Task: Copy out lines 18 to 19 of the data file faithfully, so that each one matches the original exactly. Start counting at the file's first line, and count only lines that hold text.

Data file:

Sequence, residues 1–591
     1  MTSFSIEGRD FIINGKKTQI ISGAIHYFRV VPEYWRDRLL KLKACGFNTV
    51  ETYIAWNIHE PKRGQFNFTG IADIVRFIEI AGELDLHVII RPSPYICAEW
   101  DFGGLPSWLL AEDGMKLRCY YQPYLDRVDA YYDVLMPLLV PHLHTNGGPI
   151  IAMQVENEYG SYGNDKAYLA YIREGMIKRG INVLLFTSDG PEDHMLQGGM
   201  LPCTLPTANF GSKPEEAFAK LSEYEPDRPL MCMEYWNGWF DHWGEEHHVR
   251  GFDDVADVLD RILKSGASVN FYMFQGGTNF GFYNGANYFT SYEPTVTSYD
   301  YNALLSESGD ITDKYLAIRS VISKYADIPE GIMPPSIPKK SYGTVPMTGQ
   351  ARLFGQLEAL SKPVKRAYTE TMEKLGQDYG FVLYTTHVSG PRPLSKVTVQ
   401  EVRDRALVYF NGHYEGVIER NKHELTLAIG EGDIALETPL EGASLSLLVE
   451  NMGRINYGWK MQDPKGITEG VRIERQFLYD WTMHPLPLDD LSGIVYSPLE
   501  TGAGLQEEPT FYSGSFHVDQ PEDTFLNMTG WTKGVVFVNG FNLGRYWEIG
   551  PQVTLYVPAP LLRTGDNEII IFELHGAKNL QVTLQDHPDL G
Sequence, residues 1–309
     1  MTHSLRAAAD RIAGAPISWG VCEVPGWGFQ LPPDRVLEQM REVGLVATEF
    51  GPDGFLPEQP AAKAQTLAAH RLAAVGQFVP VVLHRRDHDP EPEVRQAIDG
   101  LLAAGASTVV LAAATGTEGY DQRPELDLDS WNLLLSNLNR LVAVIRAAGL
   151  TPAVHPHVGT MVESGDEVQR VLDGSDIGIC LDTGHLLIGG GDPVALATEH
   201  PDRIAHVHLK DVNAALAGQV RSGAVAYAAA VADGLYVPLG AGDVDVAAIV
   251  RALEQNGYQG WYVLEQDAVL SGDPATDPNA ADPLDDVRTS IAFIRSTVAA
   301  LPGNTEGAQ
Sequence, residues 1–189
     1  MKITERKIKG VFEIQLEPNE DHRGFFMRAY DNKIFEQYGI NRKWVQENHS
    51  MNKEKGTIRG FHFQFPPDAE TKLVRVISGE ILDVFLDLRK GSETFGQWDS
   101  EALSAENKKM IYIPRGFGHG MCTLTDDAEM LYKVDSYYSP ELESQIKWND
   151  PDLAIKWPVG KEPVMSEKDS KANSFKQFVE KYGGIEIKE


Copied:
   151  TPAVHPHVGT MVESGDEVQR VLDGSDIGIC LDTGHLLIGG GDPVALATEH
   201  PDRIAHVHLK DVNAALAGQV RSGAVAYAAA VADGLYVPLG AGDVDVAAIV